Bitcoins are traded and warehoused, for want of a better expression, on exchanges dedicated to the purpose. They’re unregulated, uninsured, and (as recently demonstrated by the implosion of Mt Gox, one of the largest), not terribly secure. I’m not too sure about the mechanics of the trading/cash-out procedure, but there are – politely stated, again – some issues there as well. If you have your bitcoins housed at an exchange that goes belly-up . . . well, you’ve lost pretty much everything you have. Sort of like if you have more on deposit at an FDIC-insured bank that goes bust than the FDIC will cover. These exchanges, by the way, aren’t set up on Main Street in your friendly mid-American home town. They’re run out of places like Bulgaria and Rumania, notorious for having very fuzzy notions of the distinctions between meum and tuum, and also widely known for spawning armies of computer hackers. Just the winning recipe for the security of your investment in Bitcoin, in other words, right? More to the point, the entire system is no more secure against massive theft than the security mechanisms at these places. I’m not sufficiently computer-savvy to understand the precise sequence, but once the hackers get at the bitcoins’ keys and the private keys of the current owners, it’s only a matter of a few keystrokes to clean the place out. As in fact happened, it seems, at Mt Gox to the tune of many millions of dollars.
What can you buy with Bitcoin? Well, pretty much anything that’s for sale by people who are willing to accept payment in Bitcoin. The concern arises from the fact that prominent on that list are things like international shipments of illegal drugs and weapons. This makes Bitcoin a burr under government’s saddle.
Bitcoin is nearly ideal for things like “money laundering” and other “financial crimes.” In pondering those, it’s helpful to bear in mind that those don’t necessarily mean “theft,” “wire fraud,” or other activities in which an innocent private party is separated from his hard-earned through force or trick. In fact, “money laundering” is nothing more than making illegal proceeds ape in appearance those of lawful commerce. The proceeds are not evidence of the crime itself, and if you look, for example, at the definitions of drug-smuggling crimes you won’t see that “possession of a boat-load of cash” is an element of any of them. If you’re caught with $23,000,000 in $20s and $100s, and the man’s got nothing more on you, you’re not getting convicted of anything. Rather, most of what falls under those concepts relates to doing the government out of what it has decided it’s entitled to . . . from you. Viewed that way, government’s objection to crypto-currencies comes down to tax evasion. Government’s real dog in the hunt is tax revenue.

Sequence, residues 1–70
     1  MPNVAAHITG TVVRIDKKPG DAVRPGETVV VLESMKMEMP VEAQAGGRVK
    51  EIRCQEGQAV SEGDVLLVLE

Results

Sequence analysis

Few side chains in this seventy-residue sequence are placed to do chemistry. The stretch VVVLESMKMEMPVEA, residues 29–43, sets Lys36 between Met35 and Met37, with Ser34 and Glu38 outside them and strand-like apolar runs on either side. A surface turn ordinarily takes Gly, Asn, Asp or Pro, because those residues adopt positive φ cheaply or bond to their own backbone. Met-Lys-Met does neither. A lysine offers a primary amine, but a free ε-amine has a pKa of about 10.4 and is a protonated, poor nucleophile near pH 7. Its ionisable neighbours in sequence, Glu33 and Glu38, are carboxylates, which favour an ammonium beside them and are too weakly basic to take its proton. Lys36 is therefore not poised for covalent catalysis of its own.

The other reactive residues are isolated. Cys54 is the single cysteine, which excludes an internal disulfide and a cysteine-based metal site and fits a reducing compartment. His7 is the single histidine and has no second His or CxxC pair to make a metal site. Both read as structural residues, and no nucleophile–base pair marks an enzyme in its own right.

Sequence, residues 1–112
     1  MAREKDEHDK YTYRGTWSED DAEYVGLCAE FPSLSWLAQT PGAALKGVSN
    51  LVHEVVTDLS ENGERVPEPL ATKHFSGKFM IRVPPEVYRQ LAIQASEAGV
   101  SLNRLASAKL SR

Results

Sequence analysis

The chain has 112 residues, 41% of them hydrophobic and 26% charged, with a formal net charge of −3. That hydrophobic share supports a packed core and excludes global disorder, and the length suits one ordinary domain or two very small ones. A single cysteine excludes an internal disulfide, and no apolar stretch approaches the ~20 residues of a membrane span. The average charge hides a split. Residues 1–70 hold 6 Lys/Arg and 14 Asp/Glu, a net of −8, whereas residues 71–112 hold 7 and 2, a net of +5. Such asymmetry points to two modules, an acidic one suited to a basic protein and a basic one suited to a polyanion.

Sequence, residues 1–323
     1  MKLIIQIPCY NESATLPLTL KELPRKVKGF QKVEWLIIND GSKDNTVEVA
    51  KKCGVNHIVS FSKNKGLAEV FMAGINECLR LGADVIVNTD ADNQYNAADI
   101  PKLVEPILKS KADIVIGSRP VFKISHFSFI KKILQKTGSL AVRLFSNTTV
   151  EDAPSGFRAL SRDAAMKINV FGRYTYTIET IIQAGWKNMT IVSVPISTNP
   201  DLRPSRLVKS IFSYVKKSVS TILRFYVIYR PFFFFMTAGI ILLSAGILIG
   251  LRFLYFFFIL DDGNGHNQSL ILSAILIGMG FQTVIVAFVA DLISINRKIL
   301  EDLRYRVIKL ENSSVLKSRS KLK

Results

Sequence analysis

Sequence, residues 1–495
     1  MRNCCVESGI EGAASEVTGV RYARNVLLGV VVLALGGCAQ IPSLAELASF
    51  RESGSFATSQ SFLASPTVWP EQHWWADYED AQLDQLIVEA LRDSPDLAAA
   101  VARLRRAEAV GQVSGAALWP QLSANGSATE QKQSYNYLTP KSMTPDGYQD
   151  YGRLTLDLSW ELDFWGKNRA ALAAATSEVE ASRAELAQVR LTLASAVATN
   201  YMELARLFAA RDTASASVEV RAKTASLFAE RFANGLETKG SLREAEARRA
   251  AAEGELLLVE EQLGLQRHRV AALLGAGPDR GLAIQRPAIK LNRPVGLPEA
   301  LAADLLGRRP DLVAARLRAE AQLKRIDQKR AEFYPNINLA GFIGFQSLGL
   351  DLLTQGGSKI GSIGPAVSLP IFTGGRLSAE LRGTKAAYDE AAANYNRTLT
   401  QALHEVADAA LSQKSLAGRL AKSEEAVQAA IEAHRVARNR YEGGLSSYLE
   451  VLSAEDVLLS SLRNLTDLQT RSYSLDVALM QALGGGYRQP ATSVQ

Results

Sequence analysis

Demonstrating the truth of my last assertion above, consider how vanishingly small is the scale of money that needs to be, and is susceptible of, the kind of large-scale “laundering” that allegedly has governments all a-twitter. Folks, the U.S. economy is cooking along at something like $14 trillion annually. Even if every last dime made in an illegal operation of any sort, anywhere, by any person were successfully “laundered” that would still be a grain of sand in a very large ocean. Add in the economies of all other Western countries and you rapidly figure out just how unimportant the supposedly monkey-shines in Bitcoin actually are to the proper functioning of the world. The trumpeted fear of “money laundering” and paying for coke and RPGs in bitcoins is a red herring.
So those are the results of my afternoon’s rambling through the Google results on “how does bitcoin work”. Here’s a description that seems pretty up-beat about the whole deal, and here’s a write-up that describes it as a “scam” and a “ponzi scheme.” All things considered, I think the stronger argument is the scam and ponzi scheme take, at least for the time being. So long as Bitcoin is not widely accepted and therefore not readily convertible into either “hard” currency (you have to try not to blow a snot bubble while describing the Fed’s funny-money as “hard” currency) or other tangible or intangible property, you as the owner of a bitcoin are sort of trapped in the system, and the later you got in the less likely anyone is to be willing to pay you a price for your bitcoin that gets you out whole. Your only likely market is the ever-fewer owners of later-mined bitcoins. And in fact that’s one of the defining characteristics of the classic ponzi scheme. Adding to that aura of hucksterism is the fact that most of the early-mined bitcoins are not being actively traded. So the price is being manipulated by hoarding as well, and a good deal of that hoarding appears to be by the inventor himself (his “worth” in bitcoins is estimated at anywhere up to $400 million).
But what if one day you really can take a card, or a flash drive, or some other storage mechanism out of your pocket, and swipe it, plug it in, or scan it down at the hardware store? And get ten bags of mortar mix for some decimal fraction of your bitcoin? At that point you’re not trapped in the system and what you have is a non-regulated medium of exchange. Government hates that notion. Very simply put, the modern income tax system cannot abide the existence of a competing medium of exchange. If Bitcoin outlasts its ponzi-scheme phase (and the writer at Market Sage does not think it will; I’m willing to accept that he may well be right) then the Internal Revenue Code blows up.